Precision machined tight-tolerance connector designs with military pedigrees are preferred for I/O interfaces in mission-critical military and aerospace electronics, such as cockpit avionics systems. End-user customers in mil/aero-grade environments have little patience for cheaper, lesser caliber interconnects that can adversely impact system life-spans and performance, even though they may reduce the initial purchase price of the system.
Durability, sealing, and size are important considerations for ruggedized mil/aero applications, but the list doesn’t stop there. Ruggedization, as a design practice, is applied to every aspect of an interconnect, ranging from environmental sealing to robust resistance to vibration and shock. Six crucial connector considerations for ruggedized mil/aero applications include mating cycles, coupling style, EMC shielding, shock and vibration, ruggedized mounting/electrical connections, and the right partner. Avnet’s qualified mil connector Value Add Center prides itself on quality, efficiency, and flexibility, as well as meeting our customer’s mission critical and business needs.
Mating cycles vary considerably from application to application. Mating cycle benchmarks are born out of military specification norms and are typically de-rated from the mating pair’s actual capabilities. Some systems require interconnects to be mated for testing and acceptance but, once engaged on the platform, are only unmated and mated again due to an issue or an upgrade.
Interconnects can be optimized for tens of mates to tens of thousands of mates. Material selection, finish, surface roughness, the contact system, and lubrication all play a significant role in the number of mating cycles an interconnect can reliably perform.
Interconnect coupling systems facilitate mating and unmating processes. Simple threaded coupling systems are generally adequate for converting torque into axial displacement, but often require multiple rotations of the coupling nut to fully engage the connectors. Multi-start threaded coupling systems can reduce the number of rotations required to fully engage connectors, and thus enable quicker mating and unmating. One shortcoming of threaded coupling systems is that there is often no clear indication that the connectors have been fully mated.
Electromagnetic compatibility (EMC) shielding protects a signal from outside electromagnetic energy that can disrupt the signal and prevents emissions from the signal itself from interfering with external electronics. EMC shielding can control both electromagnetic interference (EMI) and radio frequency interference (RFI)..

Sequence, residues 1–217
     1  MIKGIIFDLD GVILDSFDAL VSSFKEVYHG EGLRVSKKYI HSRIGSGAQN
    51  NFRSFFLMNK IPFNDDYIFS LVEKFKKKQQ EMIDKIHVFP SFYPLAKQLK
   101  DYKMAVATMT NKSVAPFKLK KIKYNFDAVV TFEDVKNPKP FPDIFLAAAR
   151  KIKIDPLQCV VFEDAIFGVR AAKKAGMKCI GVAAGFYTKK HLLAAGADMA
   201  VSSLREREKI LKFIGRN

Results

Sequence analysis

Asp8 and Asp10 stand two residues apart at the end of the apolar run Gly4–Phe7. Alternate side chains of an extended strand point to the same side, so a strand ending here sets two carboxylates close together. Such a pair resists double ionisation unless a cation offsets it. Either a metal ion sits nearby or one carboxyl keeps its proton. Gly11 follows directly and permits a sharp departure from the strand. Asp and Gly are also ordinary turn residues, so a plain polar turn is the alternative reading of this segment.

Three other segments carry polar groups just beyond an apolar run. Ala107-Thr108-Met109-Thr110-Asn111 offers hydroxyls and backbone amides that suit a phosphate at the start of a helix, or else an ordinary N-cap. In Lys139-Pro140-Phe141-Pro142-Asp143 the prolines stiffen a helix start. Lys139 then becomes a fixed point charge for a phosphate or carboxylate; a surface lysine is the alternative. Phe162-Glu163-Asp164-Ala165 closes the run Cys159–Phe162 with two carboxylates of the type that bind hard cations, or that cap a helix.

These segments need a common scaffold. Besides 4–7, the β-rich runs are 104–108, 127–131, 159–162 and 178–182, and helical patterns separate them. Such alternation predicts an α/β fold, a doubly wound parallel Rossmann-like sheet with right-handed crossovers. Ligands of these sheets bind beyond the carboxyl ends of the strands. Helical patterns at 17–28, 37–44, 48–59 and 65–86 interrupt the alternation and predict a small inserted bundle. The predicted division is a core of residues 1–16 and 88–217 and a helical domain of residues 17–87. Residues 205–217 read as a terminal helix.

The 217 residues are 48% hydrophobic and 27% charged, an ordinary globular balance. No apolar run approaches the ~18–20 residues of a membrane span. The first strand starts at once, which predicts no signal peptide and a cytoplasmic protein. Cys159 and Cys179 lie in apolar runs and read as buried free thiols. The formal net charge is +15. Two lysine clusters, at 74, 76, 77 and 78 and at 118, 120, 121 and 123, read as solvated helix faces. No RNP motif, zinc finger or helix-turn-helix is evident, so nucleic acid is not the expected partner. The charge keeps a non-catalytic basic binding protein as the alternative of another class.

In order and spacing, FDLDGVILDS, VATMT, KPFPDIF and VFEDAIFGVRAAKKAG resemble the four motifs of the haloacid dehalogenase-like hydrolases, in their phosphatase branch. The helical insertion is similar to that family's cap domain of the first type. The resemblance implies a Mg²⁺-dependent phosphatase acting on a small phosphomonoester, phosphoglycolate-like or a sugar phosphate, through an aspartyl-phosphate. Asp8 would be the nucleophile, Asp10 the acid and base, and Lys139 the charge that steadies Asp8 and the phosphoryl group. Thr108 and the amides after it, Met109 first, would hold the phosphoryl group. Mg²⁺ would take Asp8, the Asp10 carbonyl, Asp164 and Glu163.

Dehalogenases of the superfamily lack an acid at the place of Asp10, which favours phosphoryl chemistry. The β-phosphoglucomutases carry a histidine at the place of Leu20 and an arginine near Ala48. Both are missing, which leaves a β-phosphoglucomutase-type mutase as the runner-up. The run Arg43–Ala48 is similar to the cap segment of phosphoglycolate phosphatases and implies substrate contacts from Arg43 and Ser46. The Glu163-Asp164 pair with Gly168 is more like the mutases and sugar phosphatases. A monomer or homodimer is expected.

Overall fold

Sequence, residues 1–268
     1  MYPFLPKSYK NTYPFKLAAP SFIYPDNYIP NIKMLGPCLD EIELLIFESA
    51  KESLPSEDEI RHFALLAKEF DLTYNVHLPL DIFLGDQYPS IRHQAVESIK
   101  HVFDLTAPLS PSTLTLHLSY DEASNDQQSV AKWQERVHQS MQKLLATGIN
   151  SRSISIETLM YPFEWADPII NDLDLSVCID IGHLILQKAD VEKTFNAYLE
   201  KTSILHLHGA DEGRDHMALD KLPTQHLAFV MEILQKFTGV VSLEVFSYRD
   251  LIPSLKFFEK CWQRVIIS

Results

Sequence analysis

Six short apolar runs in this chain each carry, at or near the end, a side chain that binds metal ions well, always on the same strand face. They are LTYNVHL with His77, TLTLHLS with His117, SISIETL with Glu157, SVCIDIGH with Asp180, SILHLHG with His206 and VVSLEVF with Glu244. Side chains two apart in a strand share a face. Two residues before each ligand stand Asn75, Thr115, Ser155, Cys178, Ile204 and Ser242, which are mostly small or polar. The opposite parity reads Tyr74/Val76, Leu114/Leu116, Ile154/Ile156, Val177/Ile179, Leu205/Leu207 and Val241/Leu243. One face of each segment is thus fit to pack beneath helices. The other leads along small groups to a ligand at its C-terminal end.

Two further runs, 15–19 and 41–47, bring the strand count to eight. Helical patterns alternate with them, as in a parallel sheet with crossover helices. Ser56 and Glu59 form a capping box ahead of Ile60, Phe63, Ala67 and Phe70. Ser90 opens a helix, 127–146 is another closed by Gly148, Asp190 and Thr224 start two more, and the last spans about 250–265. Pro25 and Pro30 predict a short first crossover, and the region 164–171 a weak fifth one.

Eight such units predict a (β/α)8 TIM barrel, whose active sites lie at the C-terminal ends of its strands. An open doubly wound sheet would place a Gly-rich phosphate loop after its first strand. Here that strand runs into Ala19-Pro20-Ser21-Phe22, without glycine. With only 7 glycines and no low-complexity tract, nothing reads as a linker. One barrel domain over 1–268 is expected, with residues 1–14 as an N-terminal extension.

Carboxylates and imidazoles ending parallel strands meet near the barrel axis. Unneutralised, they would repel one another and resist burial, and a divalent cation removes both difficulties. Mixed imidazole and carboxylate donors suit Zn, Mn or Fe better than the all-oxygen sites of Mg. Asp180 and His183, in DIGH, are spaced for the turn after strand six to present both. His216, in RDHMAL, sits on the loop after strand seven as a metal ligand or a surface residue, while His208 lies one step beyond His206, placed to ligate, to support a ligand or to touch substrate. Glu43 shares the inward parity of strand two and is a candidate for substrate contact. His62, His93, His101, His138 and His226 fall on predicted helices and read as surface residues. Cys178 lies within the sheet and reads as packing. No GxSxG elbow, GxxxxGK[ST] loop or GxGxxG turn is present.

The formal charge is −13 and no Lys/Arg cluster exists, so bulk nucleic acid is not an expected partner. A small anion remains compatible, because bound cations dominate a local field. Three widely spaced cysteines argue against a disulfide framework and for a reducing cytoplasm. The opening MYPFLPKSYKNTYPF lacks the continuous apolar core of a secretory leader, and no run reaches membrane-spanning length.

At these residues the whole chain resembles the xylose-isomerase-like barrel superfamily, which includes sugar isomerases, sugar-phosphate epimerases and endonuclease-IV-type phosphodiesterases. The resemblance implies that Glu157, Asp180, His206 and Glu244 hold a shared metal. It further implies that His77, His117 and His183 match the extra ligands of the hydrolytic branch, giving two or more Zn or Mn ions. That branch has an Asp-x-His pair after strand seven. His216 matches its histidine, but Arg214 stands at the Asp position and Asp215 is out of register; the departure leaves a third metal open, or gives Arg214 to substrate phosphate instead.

Effective shielding in electrical wire interconnect systems depends on connector component selection, conductive plating, wire and cable shielding, individual and overall cable shield grounding, the use of conductive gaskets or fittings, and more. Because the entire transmission path — including cabling, connectors, printed circuit board (PCB) sockets, input/output (I/O) ports, etc. — is vulnerable, it is important to view EMC shielding in terms of a “follow-the-wire” approach to interconnect design.
All mechanical systems experience shock and vibration at some point in their existence. Depending on the application, sometimes the shock and vibration associated with shipping and handling can be greater than that of the intended platform; so, all environments must be carefully considered.
Shock is typically associated with rapid acceleration or deceleration. Shock also causes mechanical components to oscillate at their natural frequency and typically results in a short duration of sinusoidal vibration.
Vibration is the continuous input of oscillating mechanical energy. It can be sinusoidal, such as that generated by the rotation of a motor that isn’t perfectly balanced.
Weld- and solder-mount I/O receptacles can contribute to ruggedization, especially in tightly-sealed systems. For general environmental applications, designers tend to select single-hole jam-nut mounted receptacles over multiple-hole box- or wall-mount receptacles due to ease of assembly and superior sealing. Simply put, the more holes you introduce into your box or panel, the greater the odds of suffering an environmental leak.
One of the challenges for I/O connector-to-board terminations is maintaining the electrical “goodness” of the signal. In high-speed systems that have little or no budget for signal degradation, designers sometimes opt for the shortest and most direct board termination. These junctures can be ruggedized by selecting PCB-mount connectors that incorporate auxiliary mounting posts (i.e., threaded attachments) or extremely rugged eye-of-the-needle (i.e., compliant pin) PC-tail terminations. When opting for ribbon wire or flex for final termination to the board, care must be given to ensure that impedance-matching and shielding is maintained from the I/O all the way to the board.